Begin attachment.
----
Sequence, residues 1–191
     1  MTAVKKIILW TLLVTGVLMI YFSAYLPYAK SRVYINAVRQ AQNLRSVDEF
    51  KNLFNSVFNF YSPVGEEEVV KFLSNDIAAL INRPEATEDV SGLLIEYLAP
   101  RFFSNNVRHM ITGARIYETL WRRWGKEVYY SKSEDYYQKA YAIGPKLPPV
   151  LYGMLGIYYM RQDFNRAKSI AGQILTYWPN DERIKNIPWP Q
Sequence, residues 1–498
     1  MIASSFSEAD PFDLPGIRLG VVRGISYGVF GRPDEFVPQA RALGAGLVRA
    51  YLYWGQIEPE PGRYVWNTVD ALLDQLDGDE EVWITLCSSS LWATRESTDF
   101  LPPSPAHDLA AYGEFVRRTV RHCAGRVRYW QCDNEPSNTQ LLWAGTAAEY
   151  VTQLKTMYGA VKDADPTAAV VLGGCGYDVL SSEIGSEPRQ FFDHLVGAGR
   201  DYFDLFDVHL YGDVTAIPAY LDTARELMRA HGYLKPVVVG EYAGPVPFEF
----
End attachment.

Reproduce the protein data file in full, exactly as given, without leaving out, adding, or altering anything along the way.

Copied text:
Sequence, residues 1–191
     1  MTAVKKIILW TLLVTGVLMI YFSAYLPYAK SRVYINAVRQ AQNLRSVDEF
    51  KNLFNSVFNF YSPVGEEEVV KFLSNDIAAL INRPEATEDV SGLLIEYLAP
   101  RFFSNNVRHM ITGARIYETL WRRWGKEVYY SKSEDYYQKA YAIGPKLPPV
   151  LYGMLGIYYM RQDFNRAKSI AGQILTYWPN DERIKNIPWP Q
Sequence, residues 1–498
     1  MIASSFSEAD PFDLPGIRLG VVRGISYGVF GRPDEFVPQA RALGAGLVRA
    51  YLYWGQIEPE PGRYVWNTVD ALLDQLDGDE EVWITLCSSS LWATRESTDF
   101  LPPSPAHDLA AYGEFVRRTV RHCAGRVRYW QCDNEPSNTQ LLWAGTAAEY
   151  VTQLKTMYGA VKDADPTAAV VLGGCGYDVL SSEIGSEPRQ FFDHLVGAGR
   201  DYFDLFDVHL YGDVTAIPAY LDTARELMRA HGYLKPVVVG EYAGPVPFEF